• Peter

    OFGM, I think the idea is to try to say and do things that have an effect on your own community. Denouncing suicide bombing in the U.S. is pretty much useless. Would you be very impressed by an Imam in Iran who spends all his time talking about how hateful christianity is?

    From an interview with Hedges at Salon:
    [interviewer says:] A lot of the book is devoted to making this comparison between Christian and what some call secular fundamentalists, but you are pretty hands off when it comes to fundamentalist Islam.

    [Hedges answers:] The only reason I go after Christian fundamentalists and New Atheists is because they’re here and I’m an American. Fundamentalism — whether it’s Hindu fundamentalism or Jewish fundamentalism or Christian fundamentalism or Islamic fundamentalism — is the same disease. Karen Armstrong has explained that brilliantly. Fundamentalists, no matter what their religious coloring — bear far more in common with each other than they do with more enlightened members of their own religious communities. I’m an enemy of fundamentalism, period. And if I’m not going after Islamic fundamentalism in this book, it’s because what I’ve tried to do is talk about these two very dangerous ideological strains within American society, although the New Atheists are peddling this under the guise of enlightenment and reason and science in the same way that the Christian right tries to peddle it as a form of Christianity.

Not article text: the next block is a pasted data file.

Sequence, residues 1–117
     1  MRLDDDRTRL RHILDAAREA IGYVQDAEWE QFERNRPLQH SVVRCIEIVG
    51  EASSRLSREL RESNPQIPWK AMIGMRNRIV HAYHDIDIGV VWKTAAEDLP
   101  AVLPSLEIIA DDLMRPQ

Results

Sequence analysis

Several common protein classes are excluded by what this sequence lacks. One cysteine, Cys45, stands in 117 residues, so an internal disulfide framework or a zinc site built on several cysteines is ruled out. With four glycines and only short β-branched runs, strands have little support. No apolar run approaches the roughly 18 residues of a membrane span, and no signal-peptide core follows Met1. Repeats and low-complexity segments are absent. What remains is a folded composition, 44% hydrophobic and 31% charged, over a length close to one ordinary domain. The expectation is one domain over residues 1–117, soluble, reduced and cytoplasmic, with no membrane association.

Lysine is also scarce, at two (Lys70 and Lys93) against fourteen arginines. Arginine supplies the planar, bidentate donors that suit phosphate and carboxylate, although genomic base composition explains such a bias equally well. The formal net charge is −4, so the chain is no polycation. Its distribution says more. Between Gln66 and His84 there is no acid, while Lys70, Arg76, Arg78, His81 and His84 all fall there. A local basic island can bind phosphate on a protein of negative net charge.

so all this pontificating on what the US should have done is all useless, since you have no standing to make such criticisms.

    Sheeshe! You are a sensitive one. :) MikeSpeir asked me what I would do, so I responded.

    If I seem a little insulting or condescending it is only because it seems to bother you. I’m just messing with you.

    But I was being serious, after that, I think it would be a good thing to help out some of the folks who have had to flee Iraq. If we don’t, they really may end up being killed by suicide bombers.

    Check out the website, I mentioned.

  • OMGF

    OFGM, I think the idea is to try to say and do things that have an effect on your own community.

    And what standing do you have to do so?

    MikeSpeir asked me what I would do, so I responded.

    And I pointed out how it clashes with your views using your logic.

    If I seem a little insulting or condescending it is only because it seems to bother you. I’m just messing with you.

    Ah, so it’s OK to be an a-hole so long as you’re just messing with me? Instead of “messing with me” why don’t you deal with the gaping holes I’ve poked in your arguments? Also, you could try and repair the gaping holes in your intellectual integrity. You could start by actually reading the arguments and books of the people you are trashing instead of simply knowing they are wrong.